Recombinant Porcine Factor VIII (OBI-1) for Treating Acquired Hemophilia A

February 28, 2013 | Technology Forecasts


In acquired hemophilia A, the most commonly reported form of acquired hemophilia, an abnormal immune system reaction causes the production of autoantibodies that attack blood clotting factor VIII and make conventional clotting factor VIII replacement therapy (the standard treatment for congenital hemophilia A) ineffective.1,2 Clinicians treat acquired hemophilia A by administering one or more other activated clotting factors (e.g., factor II, VIIa, Xa) to higher-than-normal levels to bypass the normal clotting cascade process.2 This bypass therapy carries the risk of causing overcoagulation (i.e., promoting excessive clot formation) but is currently the only option for overcoming the inhibition of clotting factor replacement therapy.2,3 Acquired hemophilia A is rare, with estimated incidence in the United States between 0.2 and 1 case per million people.4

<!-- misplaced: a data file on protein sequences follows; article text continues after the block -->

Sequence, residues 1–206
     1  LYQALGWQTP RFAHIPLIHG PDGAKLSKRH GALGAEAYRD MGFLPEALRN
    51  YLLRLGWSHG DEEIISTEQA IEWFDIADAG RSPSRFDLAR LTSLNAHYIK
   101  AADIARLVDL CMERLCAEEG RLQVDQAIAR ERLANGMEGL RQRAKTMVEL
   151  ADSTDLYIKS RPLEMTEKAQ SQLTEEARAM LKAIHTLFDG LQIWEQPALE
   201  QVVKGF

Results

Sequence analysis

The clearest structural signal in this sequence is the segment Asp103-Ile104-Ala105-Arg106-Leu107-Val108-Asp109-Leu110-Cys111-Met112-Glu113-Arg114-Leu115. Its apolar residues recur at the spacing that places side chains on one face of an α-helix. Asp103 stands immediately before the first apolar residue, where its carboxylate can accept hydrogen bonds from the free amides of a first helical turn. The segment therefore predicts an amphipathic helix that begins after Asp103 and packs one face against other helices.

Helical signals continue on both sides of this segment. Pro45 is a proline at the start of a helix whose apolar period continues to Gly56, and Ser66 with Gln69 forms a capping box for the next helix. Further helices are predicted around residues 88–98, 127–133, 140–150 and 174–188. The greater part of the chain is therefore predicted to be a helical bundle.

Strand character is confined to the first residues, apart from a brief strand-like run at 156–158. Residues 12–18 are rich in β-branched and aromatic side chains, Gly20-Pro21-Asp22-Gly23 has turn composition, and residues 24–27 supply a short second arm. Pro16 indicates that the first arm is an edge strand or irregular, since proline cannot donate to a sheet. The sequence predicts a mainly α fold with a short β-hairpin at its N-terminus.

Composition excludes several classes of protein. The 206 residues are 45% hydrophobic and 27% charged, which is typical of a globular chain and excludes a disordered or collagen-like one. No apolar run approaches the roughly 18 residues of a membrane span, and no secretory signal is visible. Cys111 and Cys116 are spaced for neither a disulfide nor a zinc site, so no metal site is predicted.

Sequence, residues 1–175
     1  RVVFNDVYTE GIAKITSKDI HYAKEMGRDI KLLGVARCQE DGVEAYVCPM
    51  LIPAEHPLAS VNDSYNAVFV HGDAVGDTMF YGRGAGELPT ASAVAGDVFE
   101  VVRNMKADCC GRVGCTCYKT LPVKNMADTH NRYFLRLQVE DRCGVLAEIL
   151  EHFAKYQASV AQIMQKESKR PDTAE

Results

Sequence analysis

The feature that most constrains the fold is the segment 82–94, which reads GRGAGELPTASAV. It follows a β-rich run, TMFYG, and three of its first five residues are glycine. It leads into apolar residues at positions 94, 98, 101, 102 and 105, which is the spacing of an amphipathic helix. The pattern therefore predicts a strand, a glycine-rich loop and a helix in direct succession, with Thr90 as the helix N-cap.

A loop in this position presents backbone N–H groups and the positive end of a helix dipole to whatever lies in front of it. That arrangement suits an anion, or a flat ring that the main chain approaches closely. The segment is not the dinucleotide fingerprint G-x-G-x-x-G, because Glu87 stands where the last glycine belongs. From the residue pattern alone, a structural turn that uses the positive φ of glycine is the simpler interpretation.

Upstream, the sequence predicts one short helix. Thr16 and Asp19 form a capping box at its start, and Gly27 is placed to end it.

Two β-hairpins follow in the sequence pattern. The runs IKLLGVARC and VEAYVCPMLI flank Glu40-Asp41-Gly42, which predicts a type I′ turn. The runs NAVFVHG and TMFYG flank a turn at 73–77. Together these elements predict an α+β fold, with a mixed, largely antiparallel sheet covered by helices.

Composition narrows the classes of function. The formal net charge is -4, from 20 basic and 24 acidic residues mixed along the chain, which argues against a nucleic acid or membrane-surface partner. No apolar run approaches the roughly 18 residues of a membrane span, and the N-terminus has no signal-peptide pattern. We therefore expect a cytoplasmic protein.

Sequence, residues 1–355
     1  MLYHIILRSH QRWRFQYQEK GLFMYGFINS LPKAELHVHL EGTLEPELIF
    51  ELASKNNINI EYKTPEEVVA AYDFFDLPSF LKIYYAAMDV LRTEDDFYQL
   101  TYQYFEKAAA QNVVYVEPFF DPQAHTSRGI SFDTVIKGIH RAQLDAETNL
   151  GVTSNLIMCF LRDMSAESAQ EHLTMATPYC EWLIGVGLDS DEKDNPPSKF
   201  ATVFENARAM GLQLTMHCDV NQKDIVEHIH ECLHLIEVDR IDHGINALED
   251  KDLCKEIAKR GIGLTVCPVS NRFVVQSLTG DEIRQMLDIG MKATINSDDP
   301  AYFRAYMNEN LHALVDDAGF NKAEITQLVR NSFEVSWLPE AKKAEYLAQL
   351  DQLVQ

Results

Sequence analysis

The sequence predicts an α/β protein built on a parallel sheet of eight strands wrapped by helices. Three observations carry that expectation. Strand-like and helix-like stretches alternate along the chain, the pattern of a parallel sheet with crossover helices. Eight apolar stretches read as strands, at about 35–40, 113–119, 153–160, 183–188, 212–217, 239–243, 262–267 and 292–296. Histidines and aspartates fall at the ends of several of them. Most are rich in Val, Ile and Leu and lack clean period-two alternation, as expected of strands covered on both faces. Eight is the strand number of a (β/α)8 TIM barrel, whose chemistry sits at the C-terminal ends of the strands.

Inspiration Biopharmaceuticals, Inc. (Cambridge, MA, USA) initially developed OBI-1, an intravenous recombinant porcine factor VIII product that purportedly has low cross-reactivity with autoantibodies against human factor VIII. The company went into bankruptcy in 2012 and in January 2013, Baxter International Inc. announced that would acquire the investigational hemophilia compound OBI-1 and "related assets from Inspiration BioPharmaceuticals, Inc. as well as certain other OBI-1 related assets, including manufacturing operations, from Ipsen Pharma S.A.S."5

According to Inspiration, the product's low cross-reactivity may substantially reduce the likelihood that existing autoantibodies to human factor VIII will inhibit porcine factor VIII, thereby increasing factor VIII replacement therapy's effectiveness.6,7 However, a patient's immune system could still create an immune response to the new therapy by generating a different set of antibodies to porcine factor VIII. The company states that unlike currently available treatments for acquired hemophilia A that bypass autoantibodies to clotting factor VIII, OBI-1 allows normal functioning of the natural clotting pathway. This reduces the risk of overcoagulation and allows clinicians to measure...

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